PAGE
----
A mix of new and old living
LOCATED at the centre of the Cape Peninsula, only minutes from the centre of town, Constantia Valley is Cape Town’s secret rural retreat. Until the 1960s, Constantia was largely horse and wine country, interspersed by large, elegant homesteads. About 40 years ago, certain farms in lower Constantia were subdivided. Subdivision in the Bel Ombre area also started 40 years ago, and about 16 years ago development started in the Silverhurst Estate.
Today Silverhurst Estate is one of the most sought-after security estates in the Cape. The newest wave of development began about five years ago.
The Cape Winelands cultural landscape was one of the nine candidates for World Heritage Site status submitted to UNESCO by SA. As part of the Cape Winelands, the Constantia Valley provides an exceptional example of cultural and agricultural development as influenced by historical events and the impact of settlers and explorers from Africa, Asia and the East Indies, Europe and the Americas.
Unlike other suburbs in the Peninsula, there was no large scale urban development in the Constantia Valley during the Victorian and Edwardian period, however there are a handful of Victorian and Edwardian buildings of historical interest.
One of these is Morningside Manor in Tokai. Originally designed by Sir Herbert Baker, circa 1903, it was restored in 1923 by the architect Thain Forsyth following a devastating fire. In 1965 the estate was subdivided into plots ranging in size from 1 000m² to 1 500m², ultimately giving birth to the suburb of Tokai.
The original thatched, gabled, Cape Dutch, Morningside Manor, has five bedrooms and an impos- ing teak staircase, high ceilings, original wooden floors and sash windows, a bevelled front door with a typical Dutch fan light.
“Homes with heritage value rarely come on to the market, and as such are highly sought after, so this is a rare and special opportunity to secure a piece of Constantia Valley’s precious and varied history,” says Mike Greeff, CEO of Greeff Properties, an exclusive affiliate of Christie’s International Real Estates, who is marketing this historical home.
Greeff notes that the development of the area all started to change with the building of private schools, and new shopping complexes in Constantia and Tokai. “More people wanted to move out of the city. New office parks in Wynberg and Westlake further increased demand.” The area offers a number of excellent hotels, guesthouses and restaurants, a nearby golf course, and quick access to beaches, nature trails and the M3 motorway. “Constantia is still rural, here you can live close to the original vineyards where some of SA’s finest wines are produced,” he says.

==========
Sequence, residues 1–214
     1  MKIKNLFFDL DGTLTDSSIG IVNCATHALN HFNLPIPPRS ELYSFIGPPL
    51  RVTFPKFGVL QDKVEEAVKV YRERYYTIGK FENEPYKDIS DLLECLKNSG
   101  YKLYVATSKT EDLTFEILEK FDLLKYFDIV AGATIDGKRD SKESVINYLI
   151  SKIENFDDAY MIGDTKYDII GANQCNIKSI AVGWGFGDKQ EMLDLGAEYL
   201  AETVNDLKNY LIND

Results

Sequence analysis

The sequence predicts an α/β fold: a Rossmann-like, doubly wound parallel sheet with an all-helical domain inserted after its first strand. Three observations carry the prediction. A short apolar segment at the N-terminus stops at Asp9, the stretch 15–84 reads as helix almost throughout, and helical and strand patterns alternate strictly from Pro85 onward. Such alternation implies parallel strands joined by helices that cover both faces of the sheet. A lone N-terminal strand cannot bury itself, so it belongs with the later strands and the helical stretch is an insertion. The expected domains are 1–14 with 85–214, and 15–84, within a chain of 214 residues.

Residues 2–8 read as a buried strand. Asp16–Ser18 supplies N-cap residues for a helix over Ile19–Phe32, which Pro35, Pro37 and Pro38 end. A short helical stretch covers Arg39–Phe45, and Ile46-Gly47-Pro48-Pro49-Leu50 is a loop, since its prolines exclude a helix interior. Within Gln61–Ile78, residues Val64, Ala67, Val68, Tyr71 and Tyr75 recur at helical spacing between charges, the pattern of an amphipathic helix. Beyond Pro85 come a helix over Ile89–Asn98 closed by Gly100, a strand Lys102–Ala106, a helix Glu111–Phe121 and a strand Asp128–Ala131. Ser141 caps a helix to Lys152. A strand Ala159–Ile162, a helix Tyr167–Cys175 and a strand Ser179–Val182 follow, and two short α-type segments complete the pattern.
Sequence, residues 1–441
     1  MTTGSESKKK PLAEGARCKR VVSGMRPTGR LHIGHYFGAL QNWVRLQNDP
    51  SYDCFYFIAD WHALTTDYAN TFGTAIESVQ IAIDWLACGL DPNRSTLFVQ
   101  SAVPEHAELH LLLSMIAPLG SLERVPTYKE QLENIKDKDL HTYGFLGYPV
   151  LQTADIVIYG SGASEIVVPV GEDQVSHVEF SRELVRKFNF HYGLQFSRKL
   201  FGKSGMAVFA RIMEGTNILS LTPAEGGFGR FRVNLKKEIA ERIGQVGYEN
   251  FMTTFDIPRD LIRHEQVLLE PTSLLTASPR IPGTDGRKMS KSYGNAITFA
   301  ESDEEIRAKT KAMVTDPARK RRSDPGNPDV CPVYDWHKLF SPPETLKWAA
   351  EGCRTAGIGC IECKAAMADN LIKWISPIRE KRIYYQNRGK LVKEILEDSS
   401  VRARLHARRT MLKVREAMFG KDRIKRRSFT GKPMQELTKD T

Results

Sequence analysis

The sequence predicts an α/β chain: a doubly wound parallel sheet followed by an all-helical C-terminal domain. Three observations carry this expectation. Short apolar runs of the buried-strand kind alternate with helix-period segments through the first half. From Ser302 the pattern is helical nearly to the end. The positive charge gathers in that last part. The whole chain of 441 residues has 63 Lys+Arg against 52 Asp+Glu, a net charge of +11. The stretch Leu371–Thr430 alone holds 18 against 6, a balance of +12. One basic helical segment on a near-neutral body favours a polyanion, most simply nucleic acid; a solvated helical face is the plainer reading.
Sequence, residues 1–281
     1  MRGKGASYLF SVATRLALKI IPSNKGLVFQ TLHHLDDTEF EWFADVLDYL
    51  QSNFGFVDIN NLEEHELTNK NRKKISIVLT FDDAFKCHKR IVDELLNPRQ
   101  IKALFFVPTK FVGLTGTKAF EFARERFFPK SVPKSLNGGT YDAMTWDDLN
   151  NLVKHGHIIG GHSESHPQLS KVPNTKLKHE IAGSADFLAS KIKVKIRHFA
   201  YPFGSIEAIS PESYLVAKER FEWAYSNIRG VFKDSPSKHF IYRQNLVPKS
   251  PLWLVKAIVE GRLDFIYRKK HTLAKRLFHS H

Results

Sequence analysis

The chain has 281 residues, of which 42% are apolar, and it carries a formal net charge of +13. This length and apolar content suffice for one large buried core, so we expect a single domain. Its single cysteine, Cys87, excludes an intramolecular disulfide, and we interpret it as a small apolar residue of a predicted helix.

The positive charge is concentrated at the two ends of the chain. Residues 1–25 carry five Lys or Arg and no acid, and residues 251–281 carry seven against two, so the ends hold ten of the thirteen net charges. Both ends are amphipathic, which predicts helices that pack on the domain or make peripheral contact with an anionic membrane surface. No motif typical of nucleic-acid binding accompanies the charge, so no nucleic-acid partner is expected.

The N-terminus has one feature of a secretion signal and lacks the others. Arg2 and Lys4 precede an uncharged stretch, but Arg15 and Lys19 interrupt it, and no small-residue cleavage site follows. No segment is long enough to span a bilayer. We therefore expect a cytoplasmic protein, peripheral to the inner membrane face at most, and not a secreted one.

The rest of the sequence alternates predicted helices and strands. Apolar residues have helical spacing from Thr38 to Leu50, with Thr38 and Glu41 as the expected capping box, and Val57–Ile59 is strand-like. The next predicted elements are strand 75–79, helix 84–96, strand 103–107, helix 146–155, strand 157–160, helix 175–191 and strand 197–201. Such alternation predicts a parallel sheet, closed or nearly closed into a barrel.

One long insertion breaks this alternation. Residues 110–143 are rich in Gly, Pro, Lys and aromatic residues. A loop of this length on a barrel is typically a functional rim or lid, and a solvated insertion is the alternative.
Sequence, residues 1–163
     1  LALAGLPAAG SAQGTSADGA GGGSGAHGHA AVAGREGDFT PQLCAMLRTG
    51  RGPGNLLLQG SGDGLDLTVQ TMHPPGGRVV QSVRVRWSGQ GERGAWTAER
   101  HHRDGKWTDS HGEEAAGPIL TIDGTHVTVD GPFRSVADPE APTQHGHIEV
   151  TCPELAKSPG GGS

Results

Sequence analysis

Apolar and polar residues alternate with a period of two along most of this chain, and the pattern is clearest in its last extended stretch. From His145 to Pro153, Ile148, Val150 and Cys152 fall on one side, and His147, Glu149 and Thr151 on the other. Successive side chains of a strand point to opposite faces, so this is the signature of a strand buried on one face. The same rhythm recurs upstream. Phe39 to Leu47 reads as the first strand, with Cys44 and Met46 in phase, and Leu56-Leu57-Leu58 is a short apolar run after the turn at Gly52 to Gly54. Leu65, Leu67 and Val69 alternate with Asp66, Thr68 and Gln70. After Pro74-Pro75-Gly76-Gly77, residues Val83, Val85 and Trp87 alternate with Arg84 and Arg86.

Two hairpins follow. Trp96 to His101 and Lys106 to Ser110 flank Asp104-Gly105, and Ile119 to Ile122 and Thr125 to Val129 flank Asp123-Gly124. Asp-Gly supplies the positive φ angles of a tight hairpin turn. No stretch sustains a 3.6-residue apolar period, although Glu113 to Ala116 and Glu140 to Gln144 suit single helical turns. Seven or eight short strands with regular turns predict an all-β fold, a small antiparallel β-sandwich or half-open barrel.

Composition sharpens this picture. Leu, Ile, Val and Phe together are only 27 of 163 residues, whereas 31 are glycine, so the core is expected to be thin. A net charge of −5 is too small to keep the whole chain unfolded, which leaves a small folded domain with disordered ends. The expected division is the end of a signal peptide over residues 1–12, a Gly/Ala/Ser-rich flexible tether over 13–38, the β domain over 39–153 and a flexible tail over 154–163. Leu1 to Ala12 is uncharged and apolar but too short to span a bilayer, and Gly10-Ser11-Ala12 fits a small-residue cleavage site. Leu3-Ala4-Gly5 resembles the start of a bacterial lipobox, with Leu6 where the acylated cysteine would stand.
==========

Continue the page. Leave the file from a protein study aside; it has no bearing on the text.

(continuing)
Despite this proximity to open land and a sense of being outside of the city, restaurants and outdoor venues abound. Kirstenbosch Botanical Gardens in particular is a beautiful and popular venue for locals and visitors alike. There are local malls, and the False Bay beaches such as Muizenberg, St James and Fish Hoek are all easily accessible from the valley.
Constantia sports centre, on the Main road, has a cricket pitch, tennis courts, bowling greens, while a Virgin Active Gym and is adjacent to False Bay rugby club.. Schools are located in nearby Wynberg, Claremont, the American International School in Constantia Hills, or Reddam House in Tokai.
“If you're thinking of buying a tract of old farmland to subdivide and build a security complex, you're in for a battle for approval,” says Greeff. “The Constantia Property Owners Association is very strict on subdivision. Restrictions also extend to commercial space. Many Constantia residents are A-income earners who want to be near the area’s excellent private schools and raise their families in a semi-rural setting.”
The mix of property sizes is broad. In Upper Constantia, these can range from 1 350m² to 8 000m². Prices range from R3,5m for an average family home, right up to those selling above the R20m mark. In Rural Constantia, plots range from around 700m² to 2 000m², with homes selling from R2,5m up to R5m and sometimes more. “Constantia represents great value at current prices because plot sizes are much larger than those in the rest of the Southern Suburbs. As the Southern Suburbs become increasingly dense, Constantia will become even more valuable because of its position and large plot sizes,” says Greeff.
According to property data provider, Lightstone, more than 93% of the property in Constantia is freehold, with the balance made up of residential estates and very few sectional title developments. The statistics also show that more than 45% of current residents have lived in the area for 11 years or more, with 42% of recent buyers aged between 36 and 49. The average property price in the area over the past 12 months was around R6,5m.
This home presents a unique opportunity to own a piece of Constantia Winelands architectural heritage